Aperture not only controls how much light hits the sensor, it also controls how much of the subject is in focus. In photography, there are always trade offs.  If you want a wide open aperture for maximum light (F2.8, for example), the tradeoff is a narrow depth of field.  In other words, only just a few inches front and behind your focus point will actually be in focus.  Using a large aperture (the word "large" referring to the size of the opening, not the number), results in blurry backgrounds.  This can be handy if you are trying to isolate your subject from blurry surroundings.
      2.8             Large opening                     Shallow depth of field
      5.6             Smaller opening                  Deeper depth of field
     11               Much smaller opening         Much deeper depth of field. . . . on so forth

For a more "in depth"discussion of depth of field, go here

Shutter speed is the amount of time the shutter curtains allow light through to the sensor.  These are expressed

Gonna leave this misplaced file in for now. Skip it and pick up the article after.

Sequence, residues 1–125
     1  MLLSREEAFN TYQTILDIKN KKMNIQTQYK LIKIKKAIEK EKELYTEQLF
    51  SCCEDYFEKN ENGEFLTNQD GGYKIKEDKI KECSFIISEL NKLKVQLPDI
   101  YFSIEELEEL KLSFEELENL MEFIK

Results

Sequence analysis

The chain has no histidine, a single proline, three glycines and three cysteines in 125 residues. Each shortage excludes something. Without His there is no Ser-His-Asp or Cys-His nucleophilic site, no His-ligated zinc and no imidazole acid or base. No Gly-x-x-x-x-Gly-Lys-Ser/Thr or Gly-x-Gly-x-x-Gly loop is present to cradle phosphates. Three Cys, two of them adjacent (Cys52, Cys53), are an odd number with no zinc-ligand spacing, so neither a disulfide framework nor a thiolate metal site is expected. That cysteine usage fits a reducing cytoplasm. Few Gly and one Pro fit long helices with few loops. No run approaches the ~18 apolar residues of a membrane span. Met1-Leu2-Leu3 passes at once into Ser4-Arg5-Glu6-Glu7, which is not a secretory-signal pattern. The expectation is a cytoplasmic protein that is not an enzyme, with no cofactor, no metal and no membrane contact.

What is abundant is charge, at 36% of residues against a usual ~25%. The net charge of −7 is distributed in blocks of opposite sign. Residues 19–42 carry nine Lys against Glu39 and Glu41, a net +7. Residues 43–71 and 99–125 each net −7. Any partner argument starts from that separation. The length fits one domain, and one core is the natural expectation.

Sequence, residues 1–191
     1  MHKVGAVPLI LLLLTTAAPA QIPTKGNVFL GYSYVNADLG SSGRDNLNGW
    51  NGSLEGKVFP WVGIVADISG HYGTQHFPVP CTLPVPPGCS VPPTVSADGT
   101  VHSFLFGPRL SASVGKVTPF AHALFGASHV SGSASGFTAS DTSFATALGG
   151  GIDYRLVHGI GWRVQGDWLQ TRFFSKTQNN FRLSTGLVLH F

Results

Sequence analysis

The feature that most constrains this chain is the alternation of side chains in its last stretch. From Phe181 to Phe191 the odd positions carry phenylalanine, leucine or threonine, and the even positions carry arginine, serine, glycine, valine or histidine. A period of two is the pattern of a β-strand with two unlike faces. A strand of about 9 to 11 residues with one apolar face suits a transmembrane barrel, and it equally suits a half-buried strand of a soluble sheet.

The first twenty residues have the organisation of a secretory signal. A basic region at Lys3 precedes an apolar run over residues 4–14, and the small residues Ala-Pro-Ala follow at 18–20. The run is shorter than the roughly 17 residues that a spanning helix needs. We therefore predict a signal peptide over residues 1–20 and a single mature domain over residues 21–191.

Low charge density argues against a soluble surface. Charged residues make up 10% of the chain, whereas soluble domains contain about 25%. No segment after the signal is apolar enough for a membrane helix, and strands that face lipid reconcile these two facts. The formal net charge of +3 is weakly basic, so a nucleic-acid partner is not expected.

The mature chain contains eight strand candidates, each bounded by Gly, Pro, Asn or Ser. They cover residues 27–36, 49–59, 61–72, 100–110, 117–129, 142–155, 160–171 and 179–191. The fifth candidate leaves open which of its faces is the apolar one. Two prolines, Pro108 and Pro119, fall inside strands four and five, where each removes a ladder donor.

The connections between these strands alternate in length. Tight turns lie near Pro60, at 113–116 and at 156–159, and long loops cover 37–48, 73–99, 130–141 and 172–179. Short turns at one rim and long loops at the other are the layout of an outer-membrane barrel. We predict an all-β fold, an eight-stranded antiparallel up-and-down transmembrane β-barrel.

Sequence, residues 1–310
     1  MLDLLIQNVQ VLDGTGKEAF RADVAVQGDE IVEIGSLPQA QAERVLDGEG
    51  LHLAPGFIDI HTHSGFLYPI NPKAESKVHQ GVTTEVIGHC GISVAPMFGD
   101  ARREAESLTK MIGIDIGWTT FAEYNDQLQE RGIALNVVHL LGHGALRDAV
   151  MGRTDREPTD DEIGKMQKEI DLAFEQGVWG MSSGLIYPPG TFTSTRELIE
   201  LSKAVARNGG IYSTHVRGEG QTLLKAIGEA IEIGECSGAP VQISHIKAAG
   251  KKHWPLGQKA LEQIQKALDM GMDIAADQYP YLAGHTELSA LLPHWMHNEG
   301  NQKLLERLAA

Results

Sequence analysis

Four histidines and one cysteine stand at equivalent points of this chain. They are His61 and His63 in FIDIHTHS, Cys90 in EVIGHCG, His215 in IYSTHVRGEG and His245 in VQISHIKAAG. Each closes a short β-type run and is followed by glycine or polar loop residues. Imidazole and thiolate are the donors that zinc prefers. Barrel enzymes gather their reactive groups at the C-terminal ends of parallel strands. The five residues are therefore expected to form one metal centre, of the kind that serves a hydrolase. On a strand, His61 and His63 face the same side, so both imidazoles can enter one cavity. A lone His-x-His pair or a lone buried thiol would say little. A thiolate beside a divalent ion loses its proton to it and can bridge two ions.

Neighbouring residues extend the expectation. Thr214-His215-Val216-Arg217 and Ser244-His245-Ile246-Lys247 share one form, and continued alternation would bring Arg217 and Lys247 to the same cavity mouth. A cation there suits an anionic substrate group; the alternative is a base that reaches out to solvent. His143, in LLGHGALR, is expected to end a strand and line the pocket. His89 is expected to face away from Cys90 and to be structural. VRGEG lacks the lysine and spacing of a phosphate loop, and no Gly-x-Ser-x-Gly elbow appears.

in fractions of a second. . .1/2, 1/15, 1/30, 1/60, 1/125, 1/250, and so forth.  Slower shutter speeds allow movement to be recorded as a blur on the sensor, while faster shutter speeds, say 1/250 and above, freeze the action.  People tend to shoot sports at 1/250 or faster to freeze the action.  Some things are actually more interesting with a bit of blur, such as waterfalls and rivers  Practice taking pictures of the low water dam at the riverwalk at different shutter speeds to gauge the different effects.

Camera shake is movement of the camera by the photographer.  Very experienced photographers can hold the camera very still, but for most of us, we move and jiggle a bit.  To avoid camera shake, shoot at as fast a shutter speed as you can to achieve the desired effect.  What shutter speed can you shoot at and avoid camera shake?  This is determined by the length of the lens you are using.  Most of the lenses used today are zoom lenses, that can zoom from 30-300mm.

                       Speed to avoid camera shake =  1/focal length (or faster)

for a photographer shooting zoomed at 100mm, shoot at 1/100 second or faster.

ISO is the sensitivity of the camera sensor to light.  If you don't have enough light to properly expose a scene, sometimes you need to increase the ISO setting of the camera.  Again, there are trade offs.  As you increase ISO, you increase the likelihood of digital noise, especially in darker regions of the photo.  When there is more digital noise, then often detail is lost from the photo.